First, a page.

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Top Tips to Optimize Your 3D Cell Culture Workflows

Interview: What is the future of therapeutic assays in 3D culture?

John Szilagyi is a Principal Scientist at Bristol Myers Squibb (NJ, USA), working in nonclinical development and investigative toxicology, with a focus on the development of models to study teratology: the investigation of defects in developing fetuses and their causes.  His models primarily involve the use of 3D cultures and microphysiological systems generated from multi-species induced pluripotent stem cells.

Here Szilagyi reviews the utility of 3D cell models, their challenges and the solutions available to resolve them.

What is the importance of 3D cell models for the development of novel treatments and personalized medicine?

3D models allow for the efficient derivation, expansion and analysis of patient-derived tissues without the need for genetic modification to promote growth. They are superior to 2D models in that they can accurately recapitulate structural aspects of the source organ including cell–cell interactions such as those found in tight junctions. 

What challenges have you encountered using 3D cell models?

Collecting and analyzing images of 3D models is notoriously difficult to automate. Most systems are optimized to handle 2D cultures only and fail when it comes to trying to deal with the multiple and varying focal planes of a 3D culture. 

What technologies and solutions did you incorporate to overcome these challenges?

The organoid module on the Incucyte® does an incredible job of capturing detailed images of entire organoid culture wells and keeping the whole image in focus. On top of that, the built-in analysis successfully separates organoids from surrounding debris and artifacts from the Matrigel® to accurately determine size and darkness for a fully automated data processing workflow.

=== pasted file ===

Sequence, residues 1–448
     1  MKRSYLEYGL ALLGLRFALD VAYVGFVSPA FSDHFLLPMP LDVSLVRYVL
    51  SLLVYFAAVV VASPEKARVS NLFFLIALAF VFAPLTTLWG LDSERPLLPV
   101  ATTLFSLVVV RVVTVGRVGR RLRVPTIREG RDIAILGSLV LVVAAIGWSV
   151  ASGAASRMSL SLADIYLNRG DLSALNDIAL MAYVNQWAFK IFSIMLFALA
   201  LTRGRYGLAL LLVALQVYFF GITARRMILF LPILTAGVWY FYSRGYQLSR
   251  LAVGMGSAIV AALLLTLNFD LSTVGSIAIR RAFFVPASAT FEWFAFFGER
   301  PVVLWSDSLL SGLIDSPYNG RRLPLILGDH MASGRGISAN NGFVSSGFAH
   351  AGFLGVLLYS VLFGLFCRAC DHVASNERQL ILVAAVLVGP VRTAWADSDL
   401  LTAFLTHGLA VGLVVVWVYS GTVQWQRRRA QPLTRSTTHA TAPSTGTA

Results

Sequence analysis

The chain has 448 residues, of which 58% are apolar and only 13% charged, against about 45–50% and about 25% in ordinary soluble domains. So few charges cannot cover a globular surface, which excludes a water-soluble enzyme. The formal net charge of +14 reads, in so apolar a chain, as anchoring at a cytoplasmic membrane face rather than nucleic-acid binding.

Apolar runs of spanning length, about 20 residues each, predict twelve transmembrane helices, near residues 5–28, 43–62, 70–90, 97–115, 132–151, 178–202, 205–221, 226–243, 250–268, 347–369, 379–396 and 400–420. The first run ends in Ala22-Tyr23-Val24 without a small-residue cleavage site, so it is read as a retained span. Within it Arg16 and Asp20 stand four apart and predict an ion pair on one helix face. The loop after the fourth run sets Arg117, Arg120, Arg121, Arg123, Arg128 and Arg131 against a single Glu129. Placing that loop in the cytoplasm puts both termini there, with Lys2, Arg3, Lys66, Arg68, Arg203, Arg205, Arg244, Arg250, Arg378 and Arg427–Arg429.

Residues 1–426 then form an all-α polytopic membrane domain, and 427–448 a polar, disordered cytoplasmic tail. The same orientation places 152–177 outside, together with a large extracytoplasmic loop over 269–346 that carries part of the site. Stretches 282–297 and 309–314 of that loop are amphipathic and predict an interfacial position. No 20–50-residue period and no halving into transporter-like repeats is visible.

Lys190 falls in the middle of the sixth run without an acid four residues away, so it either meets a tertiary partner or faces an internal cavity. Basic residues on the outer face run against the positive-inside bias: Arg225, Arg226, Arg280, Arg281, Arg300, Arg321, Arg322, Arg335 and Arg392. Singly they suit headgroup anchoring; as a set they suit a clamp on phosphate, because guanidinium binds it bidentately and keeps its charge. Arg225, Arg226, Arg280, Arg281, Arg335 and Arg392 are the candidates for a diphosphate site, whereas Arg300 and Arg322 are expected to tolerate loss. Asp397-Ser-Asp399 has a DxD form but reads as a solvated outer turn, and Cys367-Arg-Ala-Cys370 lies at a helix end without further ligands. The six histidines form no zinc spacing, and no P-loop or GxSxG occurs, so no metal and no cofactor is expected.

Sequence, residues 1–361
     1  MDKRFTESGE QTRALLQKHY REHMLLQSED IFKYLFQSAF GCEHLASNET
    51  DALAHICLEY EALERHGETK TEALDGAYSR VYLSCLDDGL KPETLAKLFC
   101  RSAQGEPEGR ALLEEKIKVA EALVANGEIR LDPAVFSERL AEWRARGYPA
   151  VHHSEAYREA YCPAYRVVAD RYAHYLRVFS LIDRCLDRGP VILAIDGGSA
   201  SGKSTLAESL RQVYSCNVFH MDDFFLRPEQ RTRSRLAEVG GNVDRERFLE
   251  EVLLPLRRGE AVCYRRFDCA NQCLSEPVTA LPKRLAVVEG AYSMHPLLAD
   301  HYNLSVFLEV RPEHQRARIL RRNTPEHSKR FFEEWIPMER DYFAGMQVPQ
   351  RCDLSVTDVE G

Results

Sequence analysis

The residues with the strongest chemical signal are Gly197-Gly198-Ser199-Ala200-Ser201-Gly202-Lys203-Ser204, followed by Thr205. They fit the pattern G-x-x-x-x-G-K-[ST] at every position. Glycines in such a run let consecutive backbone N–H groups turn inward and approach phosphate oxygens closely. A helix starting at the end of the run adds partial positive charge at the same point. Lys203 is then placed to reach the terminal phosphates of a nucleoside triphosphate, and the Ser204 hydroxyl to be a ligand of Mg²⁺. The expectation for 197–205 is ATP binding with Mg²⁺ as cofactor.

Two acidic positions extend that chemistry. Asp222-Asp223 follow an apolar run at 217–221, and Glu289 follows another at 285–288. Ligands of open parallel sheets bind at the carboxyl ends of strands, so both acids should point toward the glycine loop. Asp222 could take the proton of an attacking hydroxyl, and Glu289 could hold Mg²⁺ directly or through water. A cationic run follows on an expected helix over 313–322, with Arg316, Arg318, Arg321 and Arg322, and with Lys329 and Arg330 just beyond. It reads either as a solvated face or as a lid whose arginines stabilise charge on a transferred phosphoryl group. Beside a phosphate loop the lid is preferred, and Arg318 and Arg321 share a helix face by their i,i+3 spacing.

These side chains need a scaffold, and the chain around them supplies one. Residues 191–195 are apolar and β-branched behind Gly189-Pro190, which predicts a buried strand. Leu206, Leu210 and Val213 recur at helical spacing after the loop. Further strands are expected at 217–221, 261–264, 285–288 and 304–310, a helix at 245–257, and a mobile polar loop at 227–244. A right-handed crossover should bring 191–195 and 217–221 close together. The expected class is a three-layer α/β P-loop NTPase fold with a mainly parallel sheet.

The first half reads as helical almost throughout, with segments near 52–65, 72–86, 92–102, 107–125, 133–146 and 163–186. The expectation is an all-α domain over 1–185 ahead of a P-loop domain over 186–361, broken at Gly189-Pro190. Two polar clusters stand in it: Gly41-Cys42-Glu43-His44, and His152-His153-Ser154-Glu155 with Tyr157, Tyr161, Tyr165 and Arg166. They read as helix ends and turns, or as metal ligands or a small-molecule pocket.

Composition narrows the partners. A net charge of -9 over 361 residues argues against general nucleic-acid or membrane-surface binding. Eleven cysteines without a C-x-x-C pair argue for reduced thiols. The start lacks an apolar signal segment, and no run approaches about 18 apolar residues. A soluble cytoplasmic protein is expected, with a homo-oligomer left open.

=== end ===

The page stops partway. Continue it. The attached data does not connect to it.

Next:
What are your top tips for obtaining the best results from 3D cell models?

Get to know your model well. Understand the growth curves, the morphological changes for death and differentiation, and the recovery from freezing and passaging. The more data you collect along the way the better, even if it doesn’t seem important. Variability is the biggest issue with organoids, and you want to make sure your assays are as consistent as possible with as many factors as you can control. Plan for extra technical replicates and seed the most organoids you can without sacrificing the quality of your assay. Even in an automated workflow or with the most trained set of hands, seeding density can be difficult to control from well to well.

What do you think the future holds for advanced cell model workflows?

I think that in the future, we should look towards analyzing the morphological changes in organoids the same way pathologists look at tissue sections. There is a lot of valuable information to be gained from observing changes to organoids under treatment beyond just size that we aren’t using yet. With advanced imaging and machine learning, it could be possible to assess organoid health in real-time without the need for sectioning and staining by simply looking at characteristics such as its shape and darkness.

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